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Get Real

  • Whitney Hopler Crosswalk.com Contributing Writer
  • 2008 12 Feb
Get Real

Editor's Note: The following is a report on the practical applications of Mark Sayers' new book, The Trouble with Paris: Following Jesus in a World of Plastic Promises, (Thomas Nelson Publishers, 2008).

The couple you see on TV is so much sexier than you and your spouse. The car advertised in the magazine is so much slicker than the one you drive. The resort you find out about on the Internet looks like heaven on earth, and you can’t wait to escape your ordinary house to spend a week a there.

Every day, the media bombards you with the message that you can have something even better than the real thing. The hyper-real world portrayed in the media is so attractive and alluring that the everyday reality of your own life can seem bland and boring in comparison. Without even realizing it, you may be so influenced by the media that your lifestyle detaches from reality – moving you farther and farther away from God in the process.

Here’s how you can embrace reality to find real faith:

Recognize the agenda behind the media’s messages. Most of the content you see and hear in the media is produced with the goal of getting you to buy something (a product, experience, opinion, or service). The point is to make you feel as if you have to buy something in order to be happy – but when you do, happiness still eludes you. Over time, giving into the pressure simply makes you more and more dissatisfied with your life.

Understand how a hyper-real lifestyle affects your faith. If you’re not experiencing the peace and joy Jesus wants for you, your lifestyle may be to blame. Living according to the media’s messages will lead to constant dissatisfaction, and it will become a struggle for you to reconcile the life you expect to live with the life you’re actually living. You’ll base your daily decisions on what the media values instead of allowing your faith to guide your choices. As a result, your faith won’t seem relevant to your daily life.

Seek more than just a makeover. While the media tells you that the ultimate solution to every problem you face is seeking a way to feel good about yourself despite it, realize that you need to go much deeper than that to find real fulfillment. For example, if your heart is broken and your life’s a mess because you’ve just been divorced, you won’t become truly happy no matter how many makeovers you indulge in – losing weight, buying new clothes and getting a trendy haircut, taking an exotic cruise, etc. The only way you’ll find lasting satisfaction is to be spiritually reborn and invite Jesus to transform your soul.

Look where you’re placing your hope. Consider what you’re placing your hope in: Even if you claim to hope in Jesus, are you really trusting Him to give you a meaningful and fulfilling life, or are you looking to the world’s pleasures to give you the good life you hope to enjoy? The only source you can truly count on to deliver hope is Jesus.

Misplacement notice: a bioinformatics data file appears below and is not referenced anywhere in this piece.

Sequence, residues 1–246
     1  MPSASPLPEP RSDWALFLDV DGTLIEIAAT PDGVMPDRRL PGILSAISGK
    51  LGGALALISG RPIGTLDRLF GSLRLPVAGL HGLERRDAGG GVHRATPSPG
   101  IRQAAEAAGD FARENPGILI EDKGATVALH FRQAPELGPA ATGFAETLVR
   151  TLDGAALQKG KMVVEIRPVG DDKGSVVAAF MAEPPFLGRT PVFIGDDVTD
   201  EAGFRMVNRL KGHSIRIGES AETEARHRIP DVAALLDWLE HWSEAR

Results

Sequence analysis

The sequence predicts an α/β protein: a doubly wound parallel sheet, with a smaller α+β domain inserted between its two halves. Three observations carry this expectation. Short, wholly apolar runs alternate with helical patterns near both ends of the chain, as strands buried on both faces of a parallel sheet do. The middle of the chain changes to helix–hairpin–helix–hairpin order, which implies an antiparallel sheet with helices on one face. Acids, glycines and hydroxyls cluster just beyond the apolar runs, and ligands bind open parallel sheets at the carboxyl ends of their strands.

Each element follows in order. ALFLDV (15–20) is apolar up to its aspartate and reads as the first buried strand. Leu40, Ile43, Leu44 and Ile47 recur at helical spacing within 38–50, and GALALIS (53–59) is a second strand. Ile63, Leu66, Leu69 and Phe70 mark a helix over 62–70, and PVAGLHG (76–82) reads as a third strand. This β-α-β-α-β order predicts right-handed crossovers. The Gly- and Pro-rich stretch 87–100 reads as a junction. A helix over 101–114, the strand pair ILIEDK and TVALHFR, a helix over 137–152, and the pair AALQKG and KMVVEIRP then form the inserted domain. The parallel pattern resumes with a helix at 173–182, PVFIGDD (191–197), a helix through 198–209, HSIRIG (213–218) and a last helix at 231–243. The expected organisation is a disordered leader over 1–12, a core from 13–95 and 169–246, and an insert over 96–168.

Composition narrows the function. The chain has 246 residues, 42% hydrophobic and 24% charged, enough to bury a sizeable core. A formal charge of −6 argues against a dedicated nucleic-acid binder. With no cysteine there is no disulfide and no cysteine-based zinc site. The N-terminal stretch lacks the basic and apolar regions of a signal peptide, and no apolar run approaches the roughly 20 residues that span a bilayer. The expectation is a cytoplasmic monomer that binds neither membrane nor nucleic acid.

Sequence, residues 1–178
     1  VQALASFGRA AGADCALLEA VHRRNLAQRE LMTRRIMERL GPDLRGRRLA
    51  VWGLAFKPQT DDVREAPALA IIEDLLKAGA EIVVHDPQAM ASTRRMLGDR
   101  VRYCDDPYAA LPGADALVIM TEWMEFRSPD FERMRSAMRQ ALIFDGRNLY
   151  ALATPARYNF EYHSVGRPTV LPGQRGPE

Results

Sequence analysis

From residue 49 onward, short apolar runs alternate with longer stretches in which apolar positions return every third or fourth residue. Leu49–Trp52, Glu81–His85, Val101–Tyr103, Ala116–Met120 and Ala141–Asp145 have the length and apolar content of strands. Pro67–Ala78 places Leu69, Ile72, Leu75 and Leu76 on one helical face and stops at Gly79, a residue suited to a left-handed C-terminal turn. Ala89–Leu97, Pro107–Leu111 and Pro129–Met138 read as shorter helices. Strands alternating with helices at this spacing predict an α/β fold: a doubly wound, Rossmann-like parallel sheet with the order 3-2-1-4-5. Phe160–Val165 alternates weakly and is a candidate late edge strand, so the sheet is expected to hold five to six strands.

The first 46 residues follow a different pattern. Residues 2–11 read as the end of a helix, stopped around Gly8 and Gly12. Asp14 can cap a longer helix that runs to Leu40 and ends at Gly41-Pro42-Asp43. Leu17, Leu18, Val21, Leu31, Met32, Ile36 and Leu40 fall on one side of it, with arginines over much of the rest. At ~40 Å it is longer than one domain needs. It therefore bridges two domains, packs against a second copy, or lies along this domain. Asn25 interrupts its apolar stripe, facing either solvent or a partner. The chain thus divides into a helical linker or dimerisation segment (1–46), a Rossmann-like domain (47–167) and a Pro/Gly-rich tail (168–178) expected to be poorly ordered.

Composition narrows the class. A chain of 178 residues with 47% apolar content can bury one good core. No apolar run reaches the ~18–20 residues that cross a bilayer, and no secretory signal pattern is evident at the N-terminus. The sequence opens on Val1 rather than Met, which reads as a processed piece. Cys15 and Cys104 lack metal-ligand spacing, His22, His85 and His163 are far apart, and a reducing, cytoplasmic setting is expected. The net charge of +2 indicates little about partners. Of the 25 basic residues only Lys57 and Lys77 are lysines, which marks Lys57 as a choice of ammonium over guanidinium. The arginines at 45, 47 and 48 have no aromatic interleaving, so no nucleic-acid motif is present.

Consider how you make your choices. Do you make decisions the way God guides you, or do you decide to do something because you hope doing so will make you feel just as good, or better, than others? Do you make each choice because it’s the right thing to do, or do you compare yourself with others and figure out how to keep up with them? Do you frequently feel pressure when you make decisions, and do you often regret the choices you make? Trying to maintain a certain lifestyle or a certain feeling won’t likely lead you to the best choices. Trusting God to guide you is the only way to consistently make wise decisions.

Realize that escaping is futile. No matter how hard you may try to escape life’s mundane duties for a glamorous lifestyle like those the media celebrates, it’s impossible to escape ordinary life. So stop wasting time and energy trying to escape, and accept that toil is a fact of life (you’ve got to work to support yourself, you must cook to eat, etc.) and consequences are unavoidable (if you charge an impulse purchase to your credit card, you have to pay it off when the bill comes, and if you drive too fast, you can get in an accident, etc.). Realize that true fulfillment isn’t found in escaping ordinary life, but by connecting to God’s presence in the middle of it.

Think about others. Even though the media urges you to indulge in a self-absorbed lifestyle, remember the many other people who share this planet with you. Many poor and disenfranchised people have less than you – and to them, your lifestyle is something about which they can only dream. Ask God to give you His perspective on your lifestyle, so instead of constantly feeling discontent and wanting to acquire more, you’re grateful for what you have already. Honestly consider the responsibility you have as a Christian to help those who have less than you do.

Embrace your true significance. Realize that, unlike what the media tells you, you don’t have to be famous, popular, rich, smart, accomplished, or good-looking in order to be significant. God values you tremendously – no matter what – and He has significant purposes for your life.